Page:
1) If $N=r=4$, then $$ k_4=3-2\sqrt{2}, $$ $$ k'_4=2\sqrt{-4+3\sqrt{2}}, $$ $$ \alpha(4)=6-4\sqrt{2}. $$ Hence $$ A_4=\ldots=0 $$ 2) If $N=8=r$, then $$ k_8=-2 \sqrt{2 \left(7+5 \sqrt{2}\right)}+4 \sqrt{2}+5, $$ $$ k'_8=2 \sqrt{\sqrt{2 \left(799+565 \sqrt{2}\right)}-4 \left(7+5 \sqrt{2}\right)} $$ $$ \alpha(8)=-8 \sqrt{41+29 \sqrt{2}}+26 \sqrt{2}+36 $$ Hence $$ A_8=4i $$ 3) For $N=r=12$ $$ k_{12}=15-10 \sqrt{2}+8 \sqrt{3}-6 \sqrt{6} $$ $$ k'_{12}=2 \sqrt{3 \sqrt{2 \left(4801-1960 \sqrt{6}\right)}+85 \sqrt{6}-208} $$ $$ \alpha(12)=2 \left(132-94 \sqrt{2}+77 \sqrt{3}-54 \sqrt{6}\right) $$ Hence $$ A_{12}=6i4^{1/3} $$ For $N=r=16$, we have $$ k_{16}=-4 \sqrt{140+99 \sqrt{2}}+24 \sqrt{2}+33, $$ $$ k'_{16}=2 \sqrt{6 \sqrt{69708+49291 \sqrt{2}}-8 \left(140+99 \sqrt{2}\right)} $$ $$ \alpha(16)=4 \left(-4 \sqrt{15900+11243 \sqrt{2}}+252 \sqrt{2}+357\right) $$ Hence $$ A_{16}=12i\sqrt{2} $$ For $N=r=28$, we have $$ k_{28}=255-180 \sqrt{2}+96 \sqrt{7}-68 \sqrt{14} $$ $$ k'_{28}=2 \sqrt{30 \sqrt{9321998-6591648 \sqrt{2}}+45798 \sqrt{2}-64768} $$ $$ \alpha(28)=82464-58312 \sqrt{2}+31170 \sqrt{7}-22040 \sqrt{14} $$ Hence $$ A_{28}=54 i $$

Where for all evaluations I have used [Borw,Borw] pg.172-173 and relation (a).

For odd $N$ we have $q=-e^{-\pi\sqrt{N}}$, which is very hard.

...CONTINUED

If $k_r=m\left(e^{-\pi\sqrt{r}}\right)$, with $m(q)$ is as below: $$ m(q):=\left(\frac{\vartheta_2(q)}{\vartheta_3(q)}\right)^2, $$ changing $q\rightarrow-q$, we have $$ m(-q)=\left(\frac{i^{1/2}q^{1/4}\sum_{\scriptsize n\in\textbf{Z}}q^{n^2+n}}{\sum_{\scriptsize n\in\textbf{Z}}(-1)^nq^{n^2}}\right)^2=i\left(\frac{\vartheta_2(q)}{\vartheta_4(q)}\right)^2=i\frac{m(q)}{m'(q)}. $$ Hence $$ m(-q)=i\frac{\cdot m(q)}{m'(q)}\textrm{, }m'(q)=\sqrt{1-m(q)^2}. $$ and from $$ \frac{1}{\sqrt{1-x}}K\left(\frac{x}{x-1}\right)=K(x) $$ we get $$ K^{*}=K(m(-q))=m'(q)K(m(q))=m'(q)K. $$ Hence $$ \eta_1(-q)=\frac{e^{i\pi/24}2^{1/3}}{\sqrt{\pi}}\left(m(q)m'(q)\right)^{1/12}K(m(q))^{1/2} $$ Hence if $N=r=$odd, we have $q=-e^{-\pi\sqrt{r}}$ and $$ A_N:=\sqrt{-N}\left(E_2(z_N)-\frac{3}{\pi Im(z_N)}\right)\frac{1}{\eta(z_N)^4}= \sqrt{-r}\left(P(-q)-\frac{6}{\pi\sqrt{r}}\right)\frac{1}{\eta_1(-q)^4}. $$ But as Paramanand Singh noted, we have $$ P(-q)=\left(\frac{2K}{\pi}\right)^2\left(\frac{6E}{K}+4m(q)^2-5\right). $$ Also $$ E=E(m(q))=\frac{\pi}{4\sqrt{r}K}+\left(1-\frac{\alpha(r)}{\sqrt{r}}\right)K. $$ Hence for $N=r=$odd $$ A_N=A_r=\ldots=\frac{e^{i\pi/3}4^{1/3}\left(-6\alpha(r)+\sqrt{r}(1+4m(q)^2)\right)}{\left(m(q)m'(q)\right)^{1/3}}\textrm{, }q=e^{-\pi\sqrt{r}}\tag 9 $$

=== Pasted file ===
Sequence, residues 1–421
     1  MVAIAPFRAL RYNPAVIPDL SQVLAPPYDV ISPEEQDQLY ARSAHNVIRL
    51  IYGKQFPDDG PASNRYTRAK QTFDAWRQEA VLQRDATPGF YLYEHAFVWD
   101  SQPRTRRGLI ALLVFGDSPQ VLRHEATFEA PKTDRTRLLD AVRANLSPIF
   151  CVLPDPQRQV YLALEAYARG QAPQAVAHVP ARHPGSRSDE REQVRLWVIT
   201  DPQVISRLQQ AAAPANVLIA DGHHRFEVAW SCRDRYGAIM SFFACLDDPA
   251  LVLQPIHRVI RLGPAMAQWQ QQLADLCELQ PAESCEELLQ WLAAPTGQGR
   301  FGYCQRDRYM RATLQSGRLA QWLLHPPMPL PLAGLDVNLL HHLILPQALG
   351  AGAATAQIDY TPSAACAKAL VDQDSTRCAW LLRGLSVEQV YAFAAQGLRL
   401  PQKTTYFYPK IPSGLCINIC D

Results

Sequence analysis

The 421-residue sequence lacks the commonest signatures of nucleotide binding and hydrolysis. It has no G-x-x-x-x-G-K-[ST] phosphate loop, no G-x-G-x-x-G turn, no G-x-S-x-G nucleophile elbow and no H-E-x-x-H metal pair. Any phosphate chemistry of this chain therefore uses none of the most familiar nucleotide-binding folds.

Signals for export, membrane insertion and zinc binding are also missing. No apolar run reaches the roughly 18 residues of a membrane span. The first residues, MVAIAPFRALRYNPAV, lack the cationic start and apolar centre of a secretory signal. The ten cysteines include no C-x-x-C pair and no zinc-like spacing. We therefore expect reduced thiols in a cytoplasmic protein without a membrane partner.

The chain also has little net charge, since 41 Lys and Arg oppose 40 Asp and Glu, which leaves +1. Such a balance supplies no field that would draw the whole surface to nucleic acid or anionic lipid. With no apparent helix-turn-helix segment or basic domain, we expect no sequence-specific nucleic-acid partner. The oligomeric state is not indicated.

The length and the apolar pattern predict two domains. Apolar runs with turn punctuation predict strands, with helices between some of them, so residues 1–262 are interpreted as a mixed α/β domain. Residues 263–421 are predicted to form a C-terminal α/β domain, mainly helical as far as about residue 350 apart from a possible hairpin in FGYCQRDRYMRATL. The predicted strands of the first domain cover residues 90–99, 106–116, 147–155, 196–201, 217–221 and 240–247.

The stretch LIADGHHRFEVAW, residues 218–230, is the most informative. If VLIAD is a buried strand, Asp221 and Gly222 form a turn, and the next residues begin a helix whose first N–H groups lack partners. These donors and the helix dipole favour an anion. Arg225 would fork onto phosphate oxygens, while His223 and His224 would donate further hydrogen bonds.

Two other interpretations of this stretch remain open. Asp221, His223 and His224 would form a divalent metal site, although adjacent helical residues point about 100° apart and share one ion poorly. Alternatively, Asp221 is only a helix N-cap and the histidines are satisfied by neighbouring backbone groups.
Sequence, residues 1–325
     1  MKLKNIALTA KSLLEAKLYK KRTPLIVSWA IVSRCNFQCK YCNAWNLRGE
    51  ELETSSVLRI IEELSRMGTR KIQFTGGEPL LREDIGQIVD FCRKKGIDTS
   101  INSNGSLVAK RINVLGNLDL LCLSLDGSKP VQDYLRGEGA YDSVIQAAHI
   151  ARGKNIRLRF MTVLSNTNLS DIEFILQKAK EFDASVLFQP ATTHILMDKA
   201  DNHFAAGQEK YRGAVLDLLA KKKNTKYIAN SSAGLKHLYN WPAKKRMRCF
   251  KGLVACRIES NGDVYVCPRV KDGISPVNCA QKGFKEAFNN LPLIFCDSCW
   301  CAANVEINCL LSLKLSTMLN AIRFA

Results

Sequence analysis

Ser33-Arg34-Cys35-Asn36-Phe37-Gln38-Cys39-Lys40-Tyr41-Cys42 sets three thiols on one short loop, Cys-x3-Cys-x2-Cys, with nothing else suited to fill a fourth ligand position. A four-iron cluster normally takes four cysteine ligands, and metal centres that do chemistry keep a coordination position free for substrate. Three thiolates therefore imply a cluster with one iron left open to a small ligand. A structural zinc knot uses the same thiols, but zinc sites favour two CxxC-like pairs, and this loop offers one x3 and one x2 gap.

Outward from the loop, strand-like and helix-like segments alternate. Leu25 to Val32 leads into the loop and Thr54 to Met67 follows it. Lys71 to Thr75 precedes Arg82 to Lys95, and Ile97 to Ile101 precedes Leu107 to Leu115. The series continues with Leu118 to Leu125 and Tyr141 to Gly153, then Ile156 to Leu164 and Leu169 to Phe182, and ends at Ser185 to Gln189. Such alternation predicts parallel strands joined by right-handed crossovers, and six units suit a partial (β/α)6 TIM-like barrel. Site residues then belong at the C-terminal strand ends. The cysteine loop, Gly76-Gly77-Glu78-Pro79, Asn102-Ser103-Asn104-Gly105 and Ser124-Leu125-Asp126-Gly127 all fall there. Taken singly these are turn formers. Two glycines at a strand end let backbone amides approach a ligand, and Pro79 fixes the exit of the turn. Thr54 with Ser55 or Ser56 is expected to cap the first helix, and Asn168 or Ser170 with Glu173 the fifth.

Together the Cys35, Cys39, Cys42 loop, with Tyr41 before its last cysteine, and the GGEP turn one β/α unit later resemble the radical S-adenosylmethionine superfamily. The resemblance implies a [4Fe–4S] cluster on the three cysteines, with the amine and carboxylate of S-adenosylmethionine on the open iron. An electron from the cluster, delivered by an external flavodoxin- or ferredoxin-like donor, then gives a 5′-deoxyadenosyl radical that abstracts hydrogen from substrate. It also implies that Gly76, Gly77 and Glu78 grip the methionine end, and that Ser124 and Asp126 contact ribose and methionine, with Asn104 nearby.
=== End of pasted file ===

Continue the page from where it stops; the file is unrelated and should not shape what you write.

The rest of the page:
Hence if $k_r$, $\alpha(r)$, for $r=3,7,11,19,27,43,67,163$ are known, then $A_r=A_N$ are known and hence answer to the evaluations of the case $z_N=\frac{N+\sqrt{-N}}{2}$, with $N-$odd. For all odd cases, since $h(-N)=1$ you can evaluate the $j-$invariant $j(i\sqrt{N})$ which (see [Broad]) have minimal polynomials of degree at most 3. Then using (b) you can find $k_r$.

For the elliptic alpha function, you have to search. With a quick view I find $r=3,7,27$ only (see [Borw,Borw] pg.173)

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  • $\begingroup$ Nikos, thanks a lot for your answer! Even if the question is some months old, I'm still very interested in any hints. Unfortunately, I don't see how it is related to proving that $A_N$ is an algebraic integer. Could you please give some details on the connection betwen your answer and my question? $\endgroup$ – L. Milla Sep 27 '18 at 14:42
  • $\begingroup$ For not using the comments section, I write the details in my answer. $\endgroup$ – Nikos Bagis Sep 27 '18 at 20:54
  • $\begingroup$ I'm sorry to insist, but I still don't see how this proves that $A_N$ is an algebraic integer... $\endgroup$ – L. Milla Sep 29 '18 at 5:27
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    $\begingroup$ For odd $n$ you need to consider $P(-q) $ and the link between $P(q) $ and $P(-q) $ is obtained by the formulas $$P(q) =\left (\frac{2K}{\pi}\right)^2\left(\frac{6E}{K}+k^2-5\right)$$ and $$P(-q) =\left (\frac{2K}{\pi}\right)^2\left(\frac{6E}{K}+4k^2-5\right)$$ and thus $\left(P(-e^{-\pi\sqrt{n}}) - \dfrac{6}{\pi\sqrt{n}}\right) \cdot\dfrac{\pi^2}{4K^2}$ is an algebraic number if $n$ is a positive rational number. $\endgroup$ – Paramanand Singh Nov 17 '18 at 7:27
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    $\begingroup$ In particular these posts also show how Chudnovsky series can also be obtained from Ramanujan's ideas and it is rather surprising that Ramanujan himself missed it. $\endgroup$ – Paramanand Singh Nov 17 '18 at 8:34
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This is too long to fit in a comment.


Ramanujan established in his monumental paper Modular Equations and Approximations to $\pi$ that the desired expression is an algebraic number if $\tau_n=\sqrt{-n} $ where $n$ is a positive rational number.